His career began with both disjointed pop and minor controversy via shrewd media hoaxes ("Bill Gates Must Die"), but in the decade-plus since Mass Suicide Occult Figurines, John Vanderslice has sidled alongside like-minded, if not sonically similar songwriters like Andrew Bird and Sondre Lerche. Each of them are wry, cerebral and consistent, almost to a fault. If indie rock had a health food section, they'd be in stock.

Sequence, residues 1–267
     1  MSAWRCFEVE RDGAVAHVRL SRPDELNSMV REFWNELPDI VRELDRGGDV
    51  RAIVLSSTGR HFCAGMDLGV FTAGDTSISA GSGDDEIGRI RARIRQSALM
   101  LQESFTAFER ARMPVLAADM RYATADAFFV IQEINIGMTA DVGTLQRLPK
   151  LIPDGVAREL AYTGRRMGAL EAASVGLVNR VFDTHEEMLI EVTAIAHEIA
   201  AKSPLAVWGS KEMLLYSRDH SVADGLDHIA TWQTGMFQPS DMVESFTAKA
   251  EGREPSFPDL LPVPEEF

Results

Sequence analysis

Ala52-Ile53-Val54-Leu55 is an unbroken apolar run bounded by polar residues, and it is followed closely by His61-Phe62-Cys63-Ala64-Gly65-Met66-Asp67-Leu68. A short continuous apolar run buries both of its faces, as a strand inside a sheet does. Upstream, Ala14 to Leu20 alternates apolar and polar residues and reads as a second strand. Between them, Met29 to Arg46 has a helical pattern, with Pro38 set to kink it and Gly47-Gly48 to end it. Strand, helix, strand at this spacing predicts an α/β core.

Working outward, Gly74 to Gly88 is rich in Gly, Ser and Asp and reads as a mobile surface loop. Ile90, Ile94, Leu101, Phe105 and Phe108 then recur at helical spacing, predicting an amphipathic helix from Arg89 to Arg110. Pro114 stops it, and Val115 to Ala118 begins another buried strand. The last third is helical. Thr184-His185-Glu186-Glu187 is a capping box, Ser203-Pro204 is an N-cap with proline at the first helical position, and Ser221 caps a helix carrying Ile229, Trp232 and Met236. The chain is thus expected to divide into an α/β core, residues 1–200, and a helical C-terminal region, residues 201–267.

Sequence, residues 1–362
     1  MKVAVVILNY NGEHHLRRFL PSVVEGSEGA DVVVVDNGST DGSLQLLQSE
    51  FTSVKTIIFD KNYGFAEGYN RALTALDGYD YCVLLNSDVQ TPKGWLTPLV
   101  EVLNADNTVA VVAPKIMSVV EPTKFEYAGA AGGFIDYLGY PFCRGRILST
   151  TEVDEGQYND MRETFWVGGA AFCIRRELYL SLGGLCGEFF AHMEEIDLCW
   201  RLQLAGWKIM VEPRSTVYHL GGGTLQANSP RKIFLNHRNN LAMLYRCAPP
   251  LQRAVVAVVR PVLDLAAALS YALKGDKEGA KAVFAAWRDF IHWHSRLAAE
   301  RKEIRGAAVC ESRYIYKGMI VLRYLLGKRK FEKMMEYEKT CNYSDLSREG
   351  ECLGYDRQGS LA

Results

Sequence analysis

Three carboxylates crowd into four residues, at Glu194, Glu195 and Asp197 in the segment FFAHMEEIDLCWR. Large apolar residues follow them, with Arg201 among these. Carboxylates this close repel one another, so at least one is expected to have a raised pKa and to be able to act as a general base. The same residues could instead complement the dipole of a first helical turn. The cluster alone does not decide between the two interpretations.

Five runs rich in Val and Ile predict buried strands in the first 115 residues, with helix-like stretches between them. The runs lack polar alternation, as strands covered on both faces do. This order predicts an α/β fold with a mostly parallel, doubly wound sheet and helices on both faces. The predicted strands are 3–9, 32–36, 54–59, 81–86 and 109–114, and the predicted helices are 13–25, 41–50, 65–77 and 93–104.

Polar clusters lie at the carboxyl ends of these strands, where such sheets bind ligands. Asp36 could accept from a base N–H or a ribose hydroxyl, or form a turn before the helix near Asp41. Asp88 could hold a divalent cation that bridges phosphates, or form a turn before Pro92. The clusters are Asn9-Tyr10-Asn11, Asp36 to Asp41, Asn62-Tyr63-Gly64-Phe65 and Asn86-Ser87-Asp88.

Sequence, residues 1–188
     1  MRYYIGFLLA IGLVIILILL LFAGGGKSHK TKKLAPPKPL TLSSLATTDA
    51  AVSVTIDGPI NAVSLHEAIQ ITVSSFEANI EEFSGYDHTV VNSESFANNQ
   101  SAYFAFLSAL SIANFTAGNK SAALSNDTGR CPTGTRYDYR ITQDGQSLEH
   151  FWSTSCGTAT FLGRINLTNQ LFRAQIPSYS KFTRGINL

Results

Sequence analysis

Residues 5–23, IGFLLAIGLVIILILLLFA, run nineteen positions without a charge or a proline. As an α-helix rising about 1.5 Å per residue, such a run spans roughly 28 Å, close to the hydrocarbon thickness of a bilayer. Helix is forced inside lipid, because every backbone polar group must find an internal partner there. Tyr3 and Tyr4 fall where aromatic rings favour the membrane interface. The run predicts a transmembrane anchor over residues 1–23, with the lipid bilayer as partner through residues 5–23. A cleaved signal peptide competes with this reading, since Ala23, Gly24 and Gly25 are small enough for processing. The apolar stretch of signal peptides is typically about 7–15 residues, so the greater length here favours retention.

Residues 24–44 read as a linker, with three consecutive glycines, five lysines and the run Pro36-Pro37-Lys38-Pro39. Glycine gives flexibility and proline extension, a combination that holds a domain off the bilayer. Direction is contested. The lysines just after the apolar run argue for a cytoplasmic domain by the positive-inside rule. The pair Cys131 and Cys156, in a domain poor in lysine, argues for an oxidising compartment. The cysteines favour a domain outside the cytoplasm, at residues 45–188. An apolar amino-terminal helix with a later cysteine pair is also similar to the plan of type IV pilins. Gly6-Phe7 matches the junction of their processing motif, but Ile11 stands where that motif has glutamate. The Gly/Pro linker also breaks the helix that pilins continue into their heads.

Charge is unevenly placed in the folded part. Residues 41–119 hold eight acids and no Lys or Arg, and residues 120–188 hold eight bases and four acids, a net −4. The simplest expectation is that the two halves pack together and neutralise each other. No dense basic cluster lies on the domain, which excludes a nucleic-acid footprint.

White Wilderness is the Vanderslice album that goes the furthest out of its way to be good for you: It was recorded with 19 members of the Magik Magik Orchestra, yet put to tape in merely three days, suggesting a tension between the chin-stroking appeal of its studied instrumentation and the relatively improvisatory writing process. And yet, both play off each other in a way that makes the record feel disjointed: While the occasional piquant lyric or cyclical melody can distinguish a highlight like "Convict Lake," the literal bells and whistles can make Wilderness a bit dry and fussy. Nonetheless, its snack-sized portion — nine songs, 31 minutes — suggest it's a brief detour for a restless, creative mind.